HAVANA TIMES — Argentinian musician Ismael Torres is coming to the end of an international tour that has taken him to many different countries around Latin America, including Cuba, a nation that, in his words, “is torn between many root questions.”
HT: What’s the story behind this tour?
Ismael Torres: The idea was to cross borders with the songs of an album that invokes many different Latin American roots and questions. The first country we were able to perform in was Cuba, thanks to an invitation from Maria Santucho and Victor Casaus, from the Pablo de la Torriente Brau Center. The band then decided to double the bet and continue on our way to Mexico, the United States and Canada.
HT: Were you aiming at anything in particular with these concerts?
IT: The main thing we were aiming at is the same thing it was many years ago: to show people the music of Latin America and get to know other lands. In this particular case, the chief aim was to return to Argentina with an album recorded live in Cuba. We worked very hard to achieve this and wrote new songs to sing for the first time during the tour, mixing in songs from across my entire career with a lot of pieces by guest artists.
HT: What do you take away from Cuba?
IT: A lot of affection from the many people in the provinces we travelled to and the possibility of getting to know the history and society of a country that has known how to stand up to its adversaries. This is the second time we visit Cuba and I hope it won’t be the last.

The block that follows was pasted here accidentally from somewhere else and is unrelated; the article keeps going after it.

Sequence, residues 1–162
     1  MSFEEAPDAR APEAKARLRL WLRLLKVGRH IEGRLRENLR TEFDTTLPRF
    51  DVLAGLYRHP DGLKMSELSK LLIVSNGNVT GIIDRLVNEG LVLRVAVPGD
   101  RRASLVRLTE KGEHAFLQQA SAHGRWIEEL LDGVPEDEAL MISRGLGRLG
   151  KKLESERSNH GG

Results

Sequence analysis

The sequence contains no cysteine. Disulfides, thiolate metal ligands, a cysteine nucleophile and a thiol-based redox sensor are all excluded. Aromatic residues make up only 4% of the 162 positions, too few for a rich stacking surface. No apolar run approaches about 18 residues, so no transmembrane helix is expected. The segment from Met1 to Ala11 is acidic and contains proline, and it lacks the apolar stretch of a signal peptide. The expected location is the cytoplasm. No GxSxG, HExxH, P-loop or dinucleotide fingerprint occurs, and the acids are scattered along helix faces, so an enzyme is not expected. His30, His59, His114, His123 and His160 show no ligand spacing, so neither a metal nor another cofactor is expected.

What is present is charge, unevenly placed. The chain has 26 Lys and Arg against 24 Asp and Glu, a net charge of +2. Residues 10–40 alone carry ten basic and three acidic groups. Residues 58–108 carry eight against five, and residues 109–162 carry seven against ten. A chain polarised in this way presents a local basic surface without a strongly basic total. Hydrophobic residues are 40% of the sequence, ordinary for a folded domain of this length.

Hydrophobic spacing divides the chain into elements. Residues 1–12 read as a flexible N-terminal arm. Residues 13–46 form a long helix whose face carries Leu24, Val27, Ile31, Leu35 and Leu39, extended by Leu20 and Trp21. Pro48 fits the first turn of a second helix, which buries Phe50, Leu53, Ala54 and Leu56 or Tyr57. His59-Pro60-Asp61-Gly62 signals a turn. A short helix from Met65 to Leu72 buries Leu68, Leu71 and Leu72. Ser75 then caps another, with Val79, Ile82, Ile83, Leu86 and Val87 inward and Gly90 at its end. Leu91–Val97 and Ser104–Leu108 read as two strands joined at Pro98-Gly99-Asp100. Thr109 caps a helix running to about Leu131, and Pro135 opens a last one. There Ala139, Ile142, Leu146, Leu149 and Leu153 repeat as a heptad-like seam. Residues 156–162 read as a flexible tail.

HT: Were you able to interact with Cuban artists?
IT: I believe interaction with other songwriters and artists is, generally speaking, the greatest source of nourishment for a professional and the most beautiful experience a musician can have. Getting to know projects like the one in Santa Clara, Trovuntivitis, to name only one, are very rewarding spiritually. For the live album we recorded at the Pablo de la Torriente Brau Center, we worked with great artists like Augusto Blanco, Leonardo Garcia Rodriguez, Duo Cofradia and many others who couldn’t be there physically, like Santiago Feliu and Jose Aquiles.
HT: What is your impression of contemporary Cuba?
IT: That’s a fairly broad question. First impressions tend to be reductionist and I imagine mine is as well. I’ll risk an observation and say Cuba is a nation torn between many root questions, economic ones particularly. I believe this is a very interesting experience for a nation. It is also a delicate issue – a country needs to keep the flame of change alive. Imperialism is always threatening to tear down the containing walls also, and that’s something that can’t be ignored.
IT: I consider myself a songwriter who identifies with his place of birth and tradition a lot. In terms of genre, my music is strongly influenced by Argentinian rock, Brazil’s MPB and British rock.
HT: What’s it like being a singer-songwriter today in a country like yours?
IT: I believe Argentina is going through an interesting time in its history. Culture in general and music in particular are opening up more and more. Fortunately, we now have a national music law, a new Ministry of Culture and a lot of thought and political effervescence around these issues. After so many years of silence and lethargy, we’re finally seeing the rebirth of culture and debate. Artists play a crucial role today, placing beauty above all things and contributing to social awareness.
HT: Are there any other projects in store for you after the tour?
IT: We’re still in Mexico, getting to know that beautiful country. Others will follow. After we return to Argentina, we will go through a collective and introspective process to determine which of the songs we brought back in our luggage and our hearts will remain on the album, which is almost finished.